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Blogs and Forums

Tom Coates article "Discussion and Citation in the Blogsphere" is a must read for anyone thinking about the impact of blogging on threaded discusssions.  Great diagrams and analysis. 

What made this post particularly relevant for me it I'm trapped between a set of forums and an online blog discussion.  Not to mention e-mail, IM and Wiki's.  I've been on a mission, both personal and with colleagues to create a more collaborative roadmap for ourselves, while innovatively using many of the lightweight tools that are emerging.  None of us are programmers --- our use and roles is helping to define and prototype how we use them and move future forward while overcoming distance and lack of resources. 

As a group trying to come together to form a new proposition I'm sure we are not alone.  It's an iterative conversational process. However, few would be experimenting concurrently with so many tools.  When conversations get split between e-mails, blogs, forums, IM, wiki's it becomes apparent that improved methods to thread them all together is required. 

For the brainstorming and general freeflowing conversations we've been using a private blog.  We've been stumbling when it comes to forums.  The discussion seems to be whether blog are up to the challenge (note there are differing degrees of forum / blog / other experience in this group):

  • Beat the Forum's structure from the home page though the 4-level nested hieracthy - category, forum, topic, reply (each of which can be referenced with its own URL).   and...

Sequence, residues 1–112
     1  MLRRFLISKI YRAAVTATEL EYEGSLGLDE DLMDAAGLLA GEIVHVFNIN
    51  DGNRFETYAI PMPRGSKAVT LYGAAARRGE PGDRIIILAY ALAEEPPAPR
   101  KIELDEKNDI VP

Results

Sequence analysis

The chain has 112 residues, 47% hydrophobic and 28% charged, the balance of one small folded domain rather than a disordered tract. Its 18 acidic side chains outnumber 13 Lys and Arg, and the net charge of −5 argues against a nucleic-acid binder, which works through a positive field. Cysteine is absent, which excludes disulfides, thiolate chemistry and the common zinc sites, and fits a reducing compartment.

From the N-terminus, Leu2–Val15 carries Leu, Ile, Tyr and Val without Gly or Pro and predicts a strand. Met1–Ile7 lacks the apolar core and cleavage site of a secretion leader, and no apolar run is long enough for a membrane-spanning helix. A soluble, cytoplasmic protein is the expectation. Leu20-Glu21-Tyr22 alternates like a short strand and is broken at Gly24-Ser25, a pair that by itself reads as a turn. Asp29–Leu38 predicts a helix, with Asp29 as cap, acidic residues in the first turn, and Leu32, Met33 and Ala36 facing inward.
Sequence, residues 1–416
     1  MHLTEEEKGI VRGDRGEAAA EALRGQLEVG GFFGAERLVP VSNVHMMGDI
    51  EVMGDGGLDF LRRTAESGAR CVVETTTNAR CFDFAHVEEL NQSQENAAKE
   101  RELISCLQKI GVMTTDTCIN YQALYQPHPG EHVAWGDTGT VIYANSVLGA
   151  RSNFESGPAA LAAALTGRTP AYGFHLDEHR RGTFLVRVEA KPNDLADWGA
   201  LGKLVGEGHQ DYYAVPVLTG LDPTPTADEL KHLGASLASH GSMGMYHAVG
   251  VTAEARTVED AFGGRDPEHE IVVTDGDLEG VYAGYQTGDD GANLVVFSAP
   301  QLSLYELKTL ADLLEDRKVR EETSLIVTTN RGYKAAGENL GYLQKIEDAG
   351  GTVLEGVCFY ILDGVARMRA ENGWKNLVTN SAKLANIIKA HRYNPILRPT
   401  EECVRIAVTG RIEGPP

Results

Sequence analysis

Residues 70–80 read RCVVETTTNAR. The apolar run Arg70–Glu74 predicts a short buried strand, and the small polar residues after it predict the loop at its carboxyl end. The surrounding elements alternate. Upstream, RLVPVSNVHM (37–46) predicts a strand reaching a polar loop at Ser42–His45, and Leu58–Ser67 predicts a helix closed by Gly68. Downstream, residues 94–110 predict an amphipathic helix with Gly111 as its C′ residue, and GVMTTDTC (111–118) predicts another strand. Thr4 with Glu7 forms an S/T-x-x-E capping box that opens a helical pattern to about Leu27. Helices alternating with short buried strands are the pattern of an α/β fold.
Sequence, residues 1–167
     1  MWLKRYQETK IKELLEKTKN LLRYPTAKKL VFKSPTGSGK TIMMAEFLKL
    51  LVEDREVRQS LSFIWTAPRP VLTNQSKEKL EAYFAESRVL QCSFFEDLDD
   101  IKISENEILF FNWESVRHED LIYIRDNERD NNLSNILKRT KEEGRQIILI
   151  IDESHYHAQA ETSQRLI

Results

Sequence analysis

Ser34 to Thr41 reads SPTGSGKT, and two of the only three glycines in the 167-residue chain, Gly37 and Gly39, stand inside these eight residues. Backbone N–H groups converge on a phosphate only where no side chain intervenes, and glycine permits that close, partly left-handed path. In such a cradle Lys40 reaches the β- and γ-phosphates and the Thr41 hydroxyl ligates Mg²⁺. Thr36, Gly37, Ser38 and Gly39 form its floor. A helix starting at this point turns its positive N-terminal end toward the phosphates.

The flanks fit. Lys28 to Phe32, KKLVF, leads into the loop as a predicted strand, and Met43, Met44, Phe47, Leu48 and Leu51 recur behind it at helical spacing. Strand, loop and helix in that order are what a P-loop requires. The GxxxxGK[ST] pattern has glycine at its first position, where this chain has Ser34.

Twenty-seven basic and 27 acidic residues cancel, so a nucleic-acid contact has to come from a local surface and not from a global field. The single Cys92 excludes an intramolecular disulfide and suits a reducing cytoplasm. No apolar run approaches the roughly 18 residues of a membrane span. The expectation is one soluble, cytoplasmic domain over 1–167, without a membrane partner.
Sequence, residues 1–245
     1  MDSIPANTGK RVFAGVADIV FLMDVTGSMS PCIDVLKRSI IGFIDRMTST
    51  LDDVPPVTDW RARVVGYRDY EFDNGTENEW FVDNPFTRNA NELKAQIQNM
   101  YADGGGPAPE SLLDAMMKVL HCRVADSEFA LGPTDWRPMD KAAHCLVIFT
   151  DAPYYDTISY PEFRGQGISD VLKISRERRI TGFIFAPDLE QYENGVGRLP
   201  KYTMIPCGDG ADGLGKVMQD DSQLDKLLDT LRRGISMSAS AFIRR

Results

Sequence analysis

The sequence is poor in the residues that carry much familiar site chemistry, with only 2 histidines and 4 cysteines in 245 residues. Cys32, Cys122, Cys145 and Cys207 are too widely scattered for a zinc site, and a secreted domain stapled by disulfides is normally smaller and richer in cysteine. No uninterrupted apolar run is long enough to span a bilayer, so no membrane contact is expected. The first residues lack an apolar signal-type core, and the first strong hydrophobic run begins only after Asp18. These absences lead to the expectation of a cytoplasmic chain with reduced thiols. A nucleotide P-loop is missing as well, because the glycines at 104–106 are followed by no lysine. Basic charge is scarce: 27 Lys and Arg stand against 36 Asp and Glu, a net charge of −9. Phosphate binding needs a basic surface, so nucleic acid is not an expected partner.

• Quick Representation - whether there's topic with new content since last visit, the number of topics and posts, date and author of the last post.  and 
  • Access Rights by forums and groups of users

I tend to find forums very hierarchial in their structure and format.  How does one rewrite a business development proposition in a forum?  It's not easy.  In a wiki I'd make additions and the diff key would highlight the amendments for others. Paste is simplified.  Notations are made directly.  With two people problems of version control are easily handled.  When three or more become involved then it becomes more difficult. 

Perhaps that why I'm trying out some of the WikiBlog tools that are emerging.  If someone has one for me I'd be happy to use it and report!  Need a collective set of testers?

After blogging for sometime being able the reach a piece of my personal content that also links to others is a valuable "connectivity" tool easily shared and for both parties creates an intermingling that couldn't have happened otherwise.  On the collective level I'm wondering if the reverse is not true.  If blogs were feeding a wiki and vice versa then the collective repository would become much more valuable overtime.  Similarly, edits and revisions could contain quite a history.  

Of course this post could have been a category 4 summary if Tom and I both both had Purple Numbers .  I could provide a summary linking to each diagram without pasting them in and knowing relevance was retained.  (Now would that create a mess for Google?).  Similarly my comments could be more descrete. Instead go and read it for yourself.   

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